No one saw it coming — least of all, Prince George's County, Maryland, student Caleb Smith.
Smith, a color guardsman at Charles Flowers High School, thought Air Force District of Washington Maj. Gen. Joel Jackson was there Tuesday to give an assembly about the Air Force.
"We really want you to want to fly United States Air Force," Jackson told the audience of students.
After all, the assembly took place at Charles Flowers High School, named in honor of a Tuskegee Airman.
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But then, Jackson asked, "Caleb Smith, are you here?"
That's when Smith had an idea there was a surprise in store.
"I really had no idea until I got pulled up there, and I was just baffled. I had no idea what to say. Even right now I have no idea what to say. I'm just kind of in shock right now," Smith said.
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Jackson asked Smith if he'd like to go for a ride in a helicopter that was waiting outside.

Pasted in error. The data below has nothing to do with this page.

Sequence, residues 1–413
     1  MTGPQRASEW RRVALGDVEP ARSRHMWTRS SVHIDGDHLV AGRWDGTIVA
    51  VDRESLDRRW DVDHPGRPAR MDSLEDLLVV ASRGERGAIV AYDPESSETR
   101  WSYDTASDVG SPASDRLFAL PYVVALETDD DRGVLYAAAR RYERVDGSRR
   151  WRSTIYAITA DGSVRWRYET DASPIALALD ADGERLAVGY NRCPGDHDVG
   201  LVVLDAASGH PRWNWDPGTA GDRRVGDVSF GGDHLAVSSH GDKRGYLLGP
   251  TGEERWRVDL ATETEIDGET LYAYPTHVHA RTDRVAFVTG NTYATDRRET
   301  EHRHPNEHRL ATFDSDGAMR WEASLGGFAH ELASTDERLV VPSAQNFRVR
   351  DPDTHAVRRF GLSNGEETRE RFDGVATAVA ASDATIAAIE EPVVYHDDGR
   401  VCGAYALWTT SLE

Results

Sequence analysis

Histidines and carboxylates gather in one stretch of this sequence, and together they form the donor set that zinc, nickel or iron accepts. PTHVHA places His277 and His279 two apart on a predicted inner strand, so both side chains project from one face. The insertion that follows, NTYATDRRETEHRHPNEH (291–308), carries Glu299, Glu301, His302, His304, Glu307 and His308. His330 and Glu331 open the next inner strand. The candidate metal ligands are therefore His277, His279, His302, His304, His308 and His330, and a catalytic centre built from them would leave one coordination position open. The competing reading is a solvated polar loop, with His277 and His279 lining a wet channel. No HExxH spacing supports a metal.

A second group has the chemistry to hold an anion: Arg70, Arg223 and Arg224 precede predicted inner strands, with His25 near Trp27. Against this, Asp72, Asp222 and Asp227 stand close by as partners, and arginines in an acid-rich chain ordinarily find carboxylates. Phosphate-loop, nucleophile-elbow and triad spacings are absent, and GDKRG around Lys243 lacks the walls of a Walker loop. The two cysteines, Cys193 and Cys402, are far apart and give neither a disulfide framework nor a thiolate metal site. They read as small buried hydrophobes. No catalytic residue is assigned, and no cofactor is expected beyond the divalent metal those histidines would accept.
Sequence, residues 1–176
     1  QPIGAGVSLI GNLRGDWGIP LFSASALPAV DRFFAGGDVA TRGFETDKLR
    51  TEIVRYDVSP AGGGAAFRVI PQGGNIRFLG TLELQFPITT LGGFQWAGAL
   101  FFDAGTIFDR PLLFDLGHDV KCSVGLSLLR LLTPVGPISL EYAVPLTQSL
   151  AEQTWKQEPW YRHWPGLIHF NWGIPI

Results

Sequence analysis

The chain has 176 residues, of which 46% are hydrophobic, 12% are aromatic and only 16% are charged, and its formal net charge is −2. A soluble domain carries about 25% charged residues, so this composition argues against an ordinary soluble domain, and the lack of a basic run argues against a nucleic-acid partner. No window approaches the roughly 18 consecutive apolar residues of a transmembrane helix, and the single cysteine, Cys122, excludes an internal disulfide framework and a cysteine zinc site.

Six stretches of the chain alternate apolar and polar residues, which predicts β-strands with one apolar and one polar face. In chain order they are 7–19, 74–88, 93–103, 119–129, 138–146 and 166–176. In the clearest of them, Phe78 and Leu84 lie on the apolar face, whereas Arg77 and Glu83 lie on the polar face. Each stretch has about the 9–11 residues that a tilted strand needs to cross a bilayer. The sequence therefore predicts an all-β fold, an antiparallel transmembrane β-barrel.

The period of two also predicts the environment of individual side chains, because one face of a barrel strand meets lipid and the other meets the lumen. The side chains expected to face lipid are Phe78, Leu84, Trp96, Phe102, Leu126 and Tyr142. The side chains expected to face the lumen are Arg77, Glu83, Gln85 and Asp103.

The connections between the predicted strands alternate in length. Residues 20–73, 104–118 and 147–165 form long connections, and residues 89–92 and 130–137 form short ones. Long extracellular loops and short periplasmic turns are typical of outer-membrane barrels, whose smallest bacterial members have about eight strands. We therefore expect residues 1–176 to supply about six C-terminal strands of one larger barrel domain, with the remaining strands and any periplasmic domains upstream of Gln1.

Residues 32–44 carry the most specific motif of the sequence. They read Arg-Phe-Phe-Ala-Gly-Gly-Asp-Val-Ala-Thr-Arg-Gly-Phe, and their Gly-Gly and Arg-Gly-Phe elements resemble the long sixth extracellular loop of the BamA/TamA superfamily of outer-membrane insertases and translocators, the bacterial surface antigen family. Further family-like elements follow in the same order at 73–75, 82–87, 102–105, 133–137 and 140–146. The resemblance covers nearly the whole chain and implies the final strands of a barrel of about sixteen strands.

Of course, the answer to that question was clear. Smith, 16, is the youngest pilot in America to earn a private glider pilot license.
As they exited the auditorium for the football field, teachers and students whispered, 'This makes sense.'"
"I'm probably almost as excited as he is," said Deputy Cmdr. Henry Waller with the Bowie Squadrom of Civil Air Patrol.
Thankfully, Smith's family was also there to enjoy the moment.
"My heart is pounding," his dad Chazz Smith said.
Smith's own grandmother said she also got the piloting bug at young age.
"I was in civil patrol when I was in school, in high school, and I loved flying and I still do. Maybe that's where Caleb got his affinity to fly," Francene Foote said.
Once in the air, Smith was right at home. The wind blew through his finger tips and the helicopter zipped around the monuments along the National Mall. It's a vantage point many don't get to see.
"Just being in the air is just natural for me. I absolutely love it. … Being that low to the ground was so cool," Smith said after the trip.
"Caleb really is the most humble person, right? I mean, it's like he is unflappable and he was just soaking it all in," Jackson said.
Smith says he wants to inspire others through his passion for flying.
"Hopefully, I can influence others in a way that people like me can do what I'm doing, be successful," Smith said.
Although he's only a sophomore, his dad said he is interested in joining the military and eventually becoming a commercial pilot.